Anesthesia Providers Adherence to the Use of Gloves and Eye Protection
Uniformed Services University Of The Health Sciences Bethesda United States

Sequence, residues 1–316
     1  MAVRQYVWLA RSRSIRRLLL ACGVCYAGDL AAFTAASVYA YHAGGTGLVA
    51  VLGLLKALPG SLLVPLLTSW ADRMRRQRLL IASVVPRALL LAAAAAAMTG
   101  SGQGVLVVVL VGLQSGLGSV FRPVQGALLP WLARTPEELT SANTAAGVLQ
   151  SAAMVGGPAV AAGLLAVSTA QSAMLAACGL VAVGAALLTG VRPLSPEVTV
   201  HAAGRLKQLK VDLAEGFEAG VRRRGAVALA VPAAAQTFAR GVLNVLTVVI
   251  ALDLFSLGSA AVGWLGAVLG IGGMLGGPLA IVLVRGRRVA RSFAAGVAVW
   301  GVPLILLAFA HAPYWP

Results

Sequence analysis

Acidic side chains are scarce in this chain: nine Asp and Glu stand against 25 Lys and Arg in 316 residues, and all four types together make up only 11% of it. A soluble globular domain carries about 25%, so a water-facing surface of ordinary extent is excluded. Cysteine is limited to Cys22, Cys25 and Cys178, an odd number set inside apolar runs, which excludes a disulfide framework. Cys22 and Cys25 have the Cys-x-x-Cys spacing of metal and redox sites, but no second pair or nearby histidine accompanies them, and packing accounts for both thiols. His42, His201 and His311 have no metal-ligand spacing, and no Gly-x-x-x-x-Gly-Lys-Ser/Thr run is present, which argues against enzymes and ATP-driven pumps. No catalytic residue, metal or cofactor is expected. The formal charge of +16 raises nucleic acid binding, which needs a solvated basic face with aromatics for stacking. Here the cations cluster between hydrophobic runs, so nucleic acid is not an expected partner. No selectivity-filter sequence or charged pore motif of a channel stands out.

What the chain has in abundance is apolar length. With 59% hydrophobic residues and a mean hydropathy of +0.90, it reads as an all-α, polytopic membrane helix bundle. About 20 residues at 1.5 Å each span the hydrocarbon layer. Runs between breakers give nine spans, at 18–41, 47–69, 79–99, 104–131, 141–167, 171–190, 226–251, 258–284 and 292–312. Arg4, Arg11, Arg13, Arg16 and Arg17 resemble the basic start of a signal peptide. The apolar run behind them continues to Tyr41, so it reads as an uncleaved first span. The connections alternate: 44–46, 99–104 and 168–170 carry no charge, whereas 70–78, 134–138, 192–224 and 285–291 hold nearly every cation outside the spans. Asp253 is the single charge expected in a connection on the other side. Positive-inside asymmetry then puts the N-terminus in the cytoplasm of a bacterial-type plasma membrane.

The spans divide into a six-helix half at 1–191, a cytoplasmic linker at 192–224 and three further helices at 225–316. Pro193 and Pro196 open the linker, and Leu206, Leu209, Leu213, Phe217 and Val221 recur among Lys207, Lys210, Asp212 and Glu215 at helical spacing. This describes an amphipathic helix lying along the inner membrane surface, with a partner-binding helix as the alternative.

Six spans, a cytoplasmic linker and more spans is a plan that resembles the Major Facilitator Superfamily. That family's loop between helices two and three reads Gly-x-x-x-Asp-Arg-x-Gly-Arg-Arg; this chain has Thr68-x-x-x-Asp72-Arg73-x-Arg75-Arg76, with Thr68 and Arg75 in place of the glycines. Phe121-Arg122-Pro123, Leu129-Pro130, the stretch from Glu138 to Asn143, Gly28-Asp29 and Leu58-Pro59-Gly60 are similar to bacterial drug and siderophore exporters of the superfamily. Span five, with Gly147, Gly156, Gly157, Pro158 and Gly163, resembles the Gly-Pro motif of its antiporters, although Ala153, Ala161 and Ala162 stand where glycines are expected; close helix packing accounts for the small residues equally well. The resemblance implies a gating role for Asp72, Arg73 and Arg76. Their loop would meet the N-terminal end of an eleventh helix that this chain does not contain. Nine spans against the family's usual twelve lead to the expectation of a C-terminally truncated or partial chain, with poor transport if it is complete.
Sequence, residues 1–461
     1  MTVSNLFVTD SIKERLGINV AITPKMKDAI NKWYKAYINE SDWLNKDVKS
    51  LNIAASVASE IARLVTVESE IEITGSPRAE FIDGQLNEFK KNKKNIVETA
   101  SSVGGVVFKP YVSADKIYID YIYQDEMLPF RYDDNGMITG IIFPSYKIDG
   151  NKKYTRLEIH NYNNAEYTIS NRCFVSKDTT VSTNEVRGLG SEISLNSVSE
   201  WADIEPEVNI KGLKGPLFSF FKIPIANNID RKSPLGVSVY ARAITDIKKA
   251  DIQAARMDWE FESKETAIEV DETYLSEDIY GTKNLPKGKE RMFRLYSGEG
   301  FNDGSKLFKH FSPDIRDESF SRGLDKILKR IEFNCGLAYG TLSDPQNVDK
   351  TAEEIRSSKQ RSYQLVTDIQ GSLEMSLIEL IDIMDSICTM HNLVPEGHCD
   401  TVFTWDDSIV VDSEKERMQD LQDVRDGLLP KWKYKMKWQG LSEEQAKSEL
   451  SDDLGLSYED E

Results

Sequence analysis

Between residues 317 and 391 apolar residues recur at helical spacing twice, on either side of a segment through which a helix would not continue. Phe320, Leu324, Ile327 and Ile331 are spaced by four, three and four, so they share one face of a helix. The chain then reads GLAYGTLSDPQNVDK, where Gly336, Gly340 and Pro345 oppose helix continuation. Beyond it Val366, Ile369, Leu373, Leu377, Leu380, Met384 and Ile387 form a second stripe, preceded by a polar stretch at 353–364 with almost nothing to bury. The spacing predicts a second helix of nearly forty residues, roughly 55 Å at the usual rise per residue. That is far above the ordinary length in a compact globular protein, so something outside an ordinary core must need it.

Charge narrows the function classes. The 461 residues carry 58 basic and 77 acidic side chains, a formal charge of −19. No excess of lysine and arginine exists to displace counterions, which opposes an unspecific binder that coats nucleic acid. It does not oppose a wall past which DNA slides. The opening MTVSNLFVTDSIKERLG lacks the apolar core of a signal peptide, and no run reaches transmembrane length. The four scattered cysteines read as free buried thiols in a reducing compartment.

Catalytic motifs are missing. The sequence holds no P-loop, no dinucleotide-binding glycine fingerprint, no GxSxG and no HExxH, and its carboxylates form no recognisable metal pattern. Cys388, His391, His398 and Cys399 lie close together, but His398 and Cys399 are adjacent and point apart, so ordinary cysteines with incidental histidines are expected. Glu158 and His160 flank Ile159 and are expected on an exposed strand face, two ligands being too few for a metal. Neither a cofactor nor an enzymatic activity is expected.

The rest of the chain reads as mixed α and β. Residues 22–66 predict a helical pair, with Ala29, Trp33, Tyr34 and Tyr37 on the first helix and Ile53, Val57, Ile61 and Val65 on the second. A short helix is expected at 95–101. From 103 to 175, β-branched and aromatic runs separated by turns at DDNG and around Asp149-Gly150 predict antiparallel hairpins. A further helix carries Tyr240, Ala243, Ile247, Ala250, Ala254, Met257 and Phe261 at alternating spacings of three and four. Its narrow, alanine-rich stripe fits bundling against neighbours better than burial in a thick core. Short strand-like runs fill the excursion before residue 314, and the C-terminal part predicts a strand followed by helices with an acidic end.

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The purpose of this study is to determine anesthesia provider adherence to universal precautions, specifically the use of gloves and eye protection. With documented poor adherence to the use of personal protective equipment, anesthesia providers place themselves at risk for occupational exposure to potentially contaminated blood and body fluids on a daily basis. In 1987, the Centers for Disease Control published universal precautions with the basic premise that all patients and their blood and body fluids are to be considered potentially infected. To date, 54 health care workers have seroconverted after having occupational exposure to HIV. Questionnaires were distributed to 33 anesthesia providers with 28 usable surveys returned 85. Eighteen providers were observed while performing anesthesia related procedures. Survey data revealed that nearly 60 of anesthesia providers are 100 compliant with the use of gloves while performing oropharyngeal procedures, such as laryngoscopy, extubation, and suctioning. However, less than 25 of providers use eye protection 100 of the time when performing these same procedures. Less than 36 providers stated that they were 100 compliant with the use of gloves when performing venousarterial access procedures. Remarkably, none of the providers surveyed stated that they were 100 compliant with changing their gloves after performing tasks in which their gloves would be contaminated. Observation data showed that nearly 100 of providers used gloves for five procedures that were determined to be high risk for being exposed to a patients blood or body fluids. The observed use of eye protection was significantly low,corresponding to the providers survey data.